(Frenzied morning phone call to spouse, gainfully—even meaningfully—employed in federal office building in Foggy Bottom: “Honey! Don’t buy today’s WALL STREET JOURNAL! I know where I can get one free!” He mentions something about being “with someone right now,” but that he’d be happy to call me back.)

Why are a couple of Wall Street Journals regularly dumped into that one garbage can? Why just that one can? Who’s dumping them? Why haven’t they learned after two years that they are getting too many/ordering too many/pilfering too many and then having to dump the residue so seemingly carefully and lovingly into this one garbage bin?

And who is Marcelo—I know his name is Marcelo because it’s printed on the top right-hand corner of his paper—whose Financial Times I almost daily retrieve from a garbage can on Connecticut Avenue? It’s perched so enticingly and so salmon-colored right on top, begging me to grab it. Why does no one else ever grab it? It isn’t even buried deep in the pile but skims the top of the refuse bin. I want to thank him for his courtesy, but I don’t know who he is. Why does he never bring it home—is he too embarrassed to be seen with it?

It’s 7 o’clock in the evening; my husband is lying down after a long day at work. He’s reading the found-in-the-street, salmon-colored Financial Times belonging to the man with the incredibly poetic name (Marcelo—who are you? What do you do for a living? How old are you? What do you look like? Why don’t you ever bring the paper home with you? Does your wife not approve of it? Your male lover? Your rabbi? Why am I so obsessed with your name and your life and your daily grind? This mysterious connection with you just because we—literally—read the same news?)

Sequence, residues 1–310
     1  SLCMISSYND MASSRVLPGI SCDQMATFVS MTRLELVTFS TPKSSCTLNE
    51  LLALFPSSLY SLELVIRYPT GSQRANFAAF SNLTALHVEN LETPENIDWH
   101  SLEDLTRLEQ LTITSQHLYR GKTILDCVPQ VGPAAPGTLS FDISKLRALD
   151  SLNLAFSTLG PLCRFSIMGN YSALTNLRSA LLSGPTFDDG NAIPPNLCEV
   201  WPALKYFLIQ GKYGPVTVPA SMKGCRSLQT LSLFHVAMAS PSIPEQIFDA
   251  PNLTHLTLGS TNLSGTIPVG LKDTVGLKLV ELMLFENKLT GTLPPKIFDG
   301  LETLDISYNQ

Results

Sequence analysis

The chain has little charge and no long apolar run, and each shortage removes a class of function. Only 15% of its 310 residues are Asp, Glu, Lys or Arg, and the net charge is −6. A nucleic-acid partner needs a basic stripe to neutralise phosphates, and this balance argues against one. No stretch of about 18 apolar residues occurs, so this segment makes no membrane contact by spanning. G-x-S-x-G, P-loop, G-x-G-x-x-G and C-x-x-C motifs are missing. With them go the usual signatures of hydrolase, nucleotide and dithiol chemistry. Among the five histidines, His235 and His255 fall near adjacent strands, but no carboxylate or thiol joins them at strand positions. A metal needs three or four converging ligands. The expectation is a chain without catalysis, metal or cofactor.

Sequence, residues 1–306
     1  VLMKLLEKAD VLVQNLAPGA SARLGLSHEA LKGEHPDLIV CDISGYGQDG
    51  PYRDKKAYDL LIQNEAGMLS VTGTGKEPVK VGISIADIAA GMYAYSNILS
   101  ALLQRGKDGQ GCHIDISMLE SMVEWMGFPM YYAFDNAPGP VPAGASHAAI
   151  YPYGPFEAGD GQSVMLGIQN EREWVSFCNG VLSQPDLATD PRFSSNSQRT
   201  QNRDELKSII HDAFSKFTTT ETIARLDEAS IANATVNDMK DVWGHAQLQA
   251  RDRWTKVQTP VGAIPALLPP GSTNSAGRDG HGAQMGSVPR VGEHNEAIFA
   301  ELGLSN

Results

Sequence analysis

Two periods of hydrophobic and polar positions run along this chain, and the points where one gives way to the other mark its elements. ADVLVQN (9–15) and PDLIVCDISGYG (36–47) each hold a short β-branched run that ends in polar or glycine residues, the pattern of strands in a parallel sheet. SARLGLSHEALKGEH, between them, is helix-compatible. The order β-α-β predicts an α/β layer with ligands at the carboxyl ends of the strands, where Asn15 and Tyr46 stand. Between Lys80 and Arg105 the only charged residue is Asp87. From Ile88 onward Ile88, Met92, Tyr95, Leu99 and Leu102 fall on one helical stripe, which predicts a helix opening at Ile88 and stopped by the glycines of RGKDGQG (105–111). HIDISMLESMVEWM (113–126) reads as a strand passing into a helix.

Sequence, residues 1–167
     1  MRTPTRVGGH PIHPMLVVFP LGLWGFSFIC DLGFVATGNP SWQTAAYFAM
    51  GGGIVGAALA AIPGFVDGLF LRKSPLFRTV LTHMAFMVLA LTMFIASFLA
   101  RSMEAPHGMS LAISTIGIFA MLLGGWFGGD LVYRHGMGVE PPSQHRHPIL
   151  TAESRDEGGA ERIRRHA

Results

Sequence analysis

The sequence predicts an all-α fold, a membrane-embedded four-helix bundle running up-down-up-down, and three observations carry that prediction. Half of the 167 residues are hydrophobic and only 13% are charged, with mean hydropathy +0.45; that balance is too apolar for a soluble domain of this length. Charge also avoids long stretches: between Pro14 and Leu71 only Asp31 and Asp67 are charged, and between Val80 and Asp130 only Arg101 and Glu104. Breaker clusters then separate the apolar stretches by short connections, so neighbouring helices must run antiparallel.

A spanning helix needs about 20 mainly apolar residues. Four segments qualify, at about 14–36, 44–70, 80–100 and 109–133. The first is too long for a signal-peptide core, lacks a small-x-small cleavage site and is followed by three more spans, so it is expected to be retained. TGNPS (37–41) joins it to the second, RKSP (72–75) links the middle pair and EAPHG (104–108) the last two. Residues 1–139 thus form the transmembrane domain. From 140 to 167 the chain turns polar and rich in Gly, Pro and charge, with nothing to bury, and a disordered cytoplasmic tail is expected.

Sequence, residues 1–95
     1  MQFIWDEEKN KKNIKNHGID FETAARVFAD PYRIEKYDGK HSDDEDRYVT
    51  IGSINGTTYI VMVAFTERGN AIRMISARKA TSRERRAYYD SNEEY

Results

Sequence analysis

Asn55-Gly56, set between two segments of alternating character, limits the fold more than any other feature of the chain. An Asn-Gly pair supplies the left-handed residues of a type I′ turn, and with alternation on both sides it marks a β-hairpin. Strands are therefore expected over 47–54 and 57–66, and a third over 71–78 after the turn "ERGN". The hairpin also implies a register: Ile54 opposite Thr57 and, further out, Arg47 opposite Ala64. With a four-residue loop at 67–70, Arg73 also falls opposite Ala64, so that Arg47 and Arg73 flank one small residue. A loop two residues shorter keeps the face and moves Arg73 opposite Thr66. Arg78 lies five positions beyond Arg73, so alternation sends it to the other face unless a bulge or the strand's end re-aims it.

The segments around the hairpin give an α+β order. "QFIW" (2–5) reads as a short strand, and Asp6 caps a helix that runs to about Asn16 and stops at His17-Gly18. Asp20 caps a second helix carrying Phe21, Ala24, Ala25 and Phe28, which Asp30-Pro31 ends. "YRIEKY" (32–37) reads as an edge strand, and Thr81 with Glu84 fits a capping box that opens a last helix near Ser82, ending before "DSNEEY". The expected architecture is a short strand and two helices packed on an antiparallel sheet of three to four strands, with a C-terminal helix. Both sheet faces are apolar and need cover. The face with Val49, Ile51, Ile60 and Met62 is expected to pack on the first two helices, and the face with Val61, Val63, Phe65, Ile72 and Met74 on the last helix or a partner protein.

And then I’m asking my husband over and over again who is leaving their gloves all over the streets of downtown D.C.—and why. He’s real patient with me, used to my playback petulance, to answering repeat questions over and over. He soothes me, in my distress. But I keep wondering. Who is that older woman who seems to live somewhere near Dupont Circle and who always wears a raccoon hat and pulls a cart behind her with some kind of sign attached to it? And where is that Afghan resistance-looking guy who used to stand all the time across the street from the Capital Hilton? And who is that older man who sits on the sidewalk, often on the corner of 15th and L Streets, who’s always writing, writing, writing something with lots of numbers on it?

Should I give up on the mysteries of downtown D.C. and (like a normal person) move to the suburbs, to Virginia? Somehow I don’t think so. So I stay in the downtown building with the musical apartments, searching for that ghostly magical mystery caravan where everyone on it wears and then discards off-white gloves. Which fall to the pavement along L Street. In Glove City.CP

Art accompanying story in the printed newspaper is not available in this archive: Lisa Montanaro.